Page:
If you're looking for income in today's market, you don't have many good options. With many high-quality bonds paying rock-bottom rates and insured bank CDs offering only a little bit more, traditional fixed-income securities don't get the job done for many income-hungry investors. As a result, dividend stocks have become the go-to investment for income over the past several years.
In light of that demand, a number of exchange-traded funds targeting dividend stocks have gained dramatically in popularity, attracting capital from those investors wanting a simple one-stop solution to own a rich array of dividend payers. But as a recent research report details, whenever you choose an ETF to do your shopping for you, you have to make sure you know what you're getting. Otherwise, you may get a nasty surprise.
The newest dividend winners
WisdomTree Research came out with an interesting report that discussed the changing trends in the dividend world. For a long time, you could divide the universe of stocks roughly into two categories. For the most part, high-growth stocks didn't pay substantial dividends, as they sought to reinvest as much of their spare capital as possible back into their business to maximize total growth. On the other hand, once an industry became mature, it no longer needed all that capital to grow, and so it could afford to pay some of it out to shareholders as dividends.
Recently, though, there's been a changing of the guard in terms of high-growth industries and mature industries. Most notably, the biggest technology companies have gone from being lightning-fast-growth leaders to becoming cash cows with huge reserves on their balance sheets -- and they're starting to pay dividends.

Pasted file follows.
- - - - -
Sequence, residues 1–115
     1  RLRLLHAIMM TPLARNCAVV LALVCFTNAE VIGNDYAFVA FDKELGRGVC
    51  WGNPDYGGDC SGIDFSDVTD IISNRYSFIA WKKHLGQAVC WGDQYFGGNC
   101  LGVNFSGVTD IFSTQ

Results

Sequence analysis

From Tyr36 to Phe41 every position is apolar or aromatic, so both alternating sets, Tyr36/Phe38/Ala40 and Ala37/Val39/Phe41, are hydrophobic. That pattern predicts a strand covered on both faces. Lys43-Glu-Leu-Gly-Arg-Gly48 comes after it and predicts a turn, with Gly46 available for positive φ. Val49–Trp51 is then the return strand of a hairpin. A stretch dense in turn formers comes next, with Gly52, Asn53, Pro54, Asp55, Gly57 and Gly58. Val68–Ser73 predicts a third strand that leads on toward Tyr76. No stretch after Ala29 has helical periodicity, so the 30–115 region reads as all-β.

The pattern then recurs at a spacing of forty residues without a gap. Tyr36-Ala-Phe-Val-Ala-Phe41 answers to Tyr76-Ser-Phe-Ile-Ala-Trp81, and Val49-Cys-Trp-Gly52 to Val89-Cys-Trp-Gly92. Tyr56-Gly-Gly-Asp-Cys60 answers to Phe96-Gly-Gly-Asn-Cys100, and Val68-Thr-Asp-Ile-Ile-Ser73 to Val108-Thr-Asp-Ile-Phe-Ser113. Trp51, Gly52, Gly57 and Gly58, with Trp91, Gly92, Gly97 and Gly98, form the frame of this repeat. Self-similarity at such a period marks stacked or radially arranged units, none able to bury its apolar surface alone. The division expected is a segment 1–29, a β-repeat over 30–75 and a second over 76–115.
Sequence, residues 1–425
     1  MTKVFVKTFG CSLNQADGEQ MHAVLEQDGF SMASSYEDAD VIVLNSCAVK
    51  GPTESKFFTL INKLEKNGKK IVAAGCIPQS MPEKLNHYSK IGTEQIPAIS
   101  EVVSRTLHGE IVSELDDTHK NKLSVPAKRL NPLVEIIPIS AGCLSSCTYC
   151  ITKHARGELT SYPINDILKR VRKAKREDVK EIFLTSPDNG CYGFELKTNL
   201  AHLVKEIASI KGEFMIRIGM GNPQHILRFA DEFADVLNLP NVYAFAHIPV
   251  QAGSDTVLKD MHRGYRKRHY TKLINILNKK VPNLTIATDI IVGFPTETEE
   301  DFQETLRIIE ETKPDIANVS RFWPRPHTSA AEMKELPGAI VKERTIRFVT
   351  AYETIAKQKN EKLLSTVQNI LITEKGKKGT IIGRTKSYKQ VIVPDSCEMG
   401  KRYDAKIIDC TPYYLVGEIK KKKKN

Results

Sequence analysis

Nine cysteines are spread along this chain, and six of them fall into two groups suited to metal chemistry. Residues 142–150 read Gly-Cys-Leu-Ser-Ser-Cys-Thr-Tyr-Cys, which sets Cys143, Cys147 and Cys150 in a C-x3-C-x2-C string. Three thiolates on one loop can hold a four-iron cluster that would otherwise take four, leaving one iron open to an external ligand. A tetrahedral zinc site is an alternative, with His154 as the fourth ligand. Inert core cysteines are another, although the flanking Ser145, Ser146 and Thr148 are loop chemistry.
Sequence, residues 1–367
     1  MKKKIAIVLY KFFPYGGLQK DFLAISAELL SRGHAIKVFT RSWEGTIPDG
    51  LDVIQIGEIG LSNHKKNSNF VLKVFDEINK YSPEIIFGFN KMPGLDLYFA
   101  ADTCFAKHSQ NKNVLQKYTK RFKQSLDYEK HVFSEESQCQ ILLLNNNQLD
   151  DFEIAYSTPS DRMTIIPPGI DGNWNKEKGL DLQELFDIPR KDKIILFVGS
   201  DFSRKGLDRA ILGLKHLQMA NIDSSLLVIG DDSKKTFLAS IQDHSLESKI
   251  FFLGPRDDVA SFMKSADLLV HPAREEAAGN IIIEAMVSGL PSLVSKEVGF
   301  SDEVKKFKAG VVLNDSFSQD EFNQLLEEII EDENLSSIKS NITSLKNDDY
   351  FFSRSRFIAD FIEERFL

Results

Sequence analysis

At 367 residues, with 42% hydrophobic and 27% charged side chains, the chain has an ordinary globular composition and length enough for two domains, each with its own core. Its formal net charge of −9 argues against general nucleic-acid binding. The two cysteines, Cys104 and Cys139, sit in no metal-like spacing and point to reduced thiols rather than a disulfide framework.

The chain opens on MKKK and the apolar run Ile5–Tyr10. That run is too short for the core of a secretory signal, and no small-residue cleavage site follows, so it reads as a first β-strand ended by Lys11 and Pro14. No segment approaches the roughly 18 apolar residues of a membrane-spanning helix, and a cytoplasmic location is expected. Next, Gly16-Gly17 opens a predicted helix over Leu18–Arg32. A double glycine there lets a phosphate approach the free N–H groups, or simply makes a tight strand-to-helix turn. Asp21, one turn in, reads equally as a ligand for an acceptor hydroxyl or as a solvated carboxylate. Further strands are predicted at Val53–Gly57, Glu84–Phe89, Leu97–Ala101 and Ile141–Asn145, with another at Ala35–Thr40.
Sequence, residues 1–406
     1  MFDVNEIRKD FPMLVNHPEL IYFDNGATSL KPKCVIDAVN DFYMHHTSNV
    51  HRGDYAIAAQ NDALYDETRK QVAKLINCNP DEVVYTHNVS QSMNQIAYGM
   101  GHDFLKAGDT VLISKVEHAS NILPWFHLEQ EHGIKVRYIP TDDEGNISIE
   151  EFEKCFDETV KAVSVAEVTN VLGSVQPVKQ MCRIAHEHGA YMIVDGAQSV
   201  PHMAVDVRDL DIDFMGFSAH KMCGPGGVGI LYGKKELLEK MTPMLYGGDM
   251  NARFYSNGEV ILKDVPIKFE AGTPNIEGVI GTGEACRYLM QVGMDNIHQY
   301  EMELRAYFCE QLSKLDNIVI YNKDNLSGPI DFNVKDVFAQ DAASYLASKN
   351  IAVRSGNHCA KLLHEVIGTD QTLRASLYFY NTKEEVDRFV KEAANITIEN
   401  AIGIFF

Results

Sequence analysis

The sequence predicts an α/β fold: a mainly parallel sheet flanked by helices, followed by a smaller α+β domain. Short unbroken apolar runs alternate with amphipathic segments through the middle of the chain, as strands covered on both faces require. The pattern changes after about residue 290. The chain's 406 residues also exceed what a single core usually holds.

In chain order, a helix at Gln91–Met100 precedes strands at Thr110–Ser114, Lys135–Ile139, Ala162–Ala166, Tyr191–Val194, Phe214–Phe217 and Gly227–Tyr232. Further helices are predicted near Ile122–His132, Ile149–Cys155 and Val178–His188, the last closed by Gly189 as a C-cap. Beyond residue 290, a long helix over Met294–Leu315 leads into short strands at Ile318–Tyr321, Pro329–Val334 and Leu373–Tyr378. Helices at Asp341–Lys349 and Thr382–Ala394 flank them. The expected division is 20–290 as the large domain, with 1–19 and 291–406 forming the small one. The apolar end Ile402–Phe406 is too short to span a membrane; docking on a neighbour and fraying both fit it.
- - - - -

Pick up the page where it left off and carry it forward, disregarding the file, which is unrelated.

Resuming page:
The report points out two companies as top examples of this trend. As it is in so many things, Apple (Nasdaq: AAPL ) is arguably the most extreme case, having gone from paying no dividend at all to making dividend payments at roughly a $10 billion annual clip. By doing so, the iDevice giant vaulted itself to the No. 3 spot in terms of total dividends paid, lagging only behind ExxonMobil (NYSE: XOM ) and AT&T (NYSE: T ) .
Cisco (Nasdaq: CSCO ) is the other company the report focuses on. The networking leader already paid a dividend, but it recently boosted its payout by a whopping 75%, just over a year after initiating its payout. The rapidity of Cisco's dividend growth shows how competitive dividend payout policies have become among Big Tech.
Why ETFs don't own them
The problem, though, is that many indexes of dividend stocks, as well as the ETFs that track those indexes, don't own tech stocks like Apple and Cisco. In particular, many of the more popular dividend-stock indexes screen out companies that don't have a minimum number of years of stable or growing dividends.
Because of that, the dividend ETFs that track those indexes will have a long wait ahead of them before they can buy Apple or Cisco. Some may pick up the tech giants in five years' time -- assuming all goes well with the payouts. But others, such as those tracking the prestigious Dividend Aristocrats, won't touch the companies until 2031 or 2032 at the earliest.
The last thing that most dividend investors want is to be behind the times. If tech stocks are where the greatest dividend growth is likely to come from, then having at least some exposure to the sector will be critical to get the best returns. Unfortunately, until ETFs become more flexible and are willing to admit new entrants with promising dividend prospects sooner -- like, perhaps, WisdomTree's own Total Dividend ETF (NYSE: DTD ) happens to -- then they'll miss out on those new stocks.
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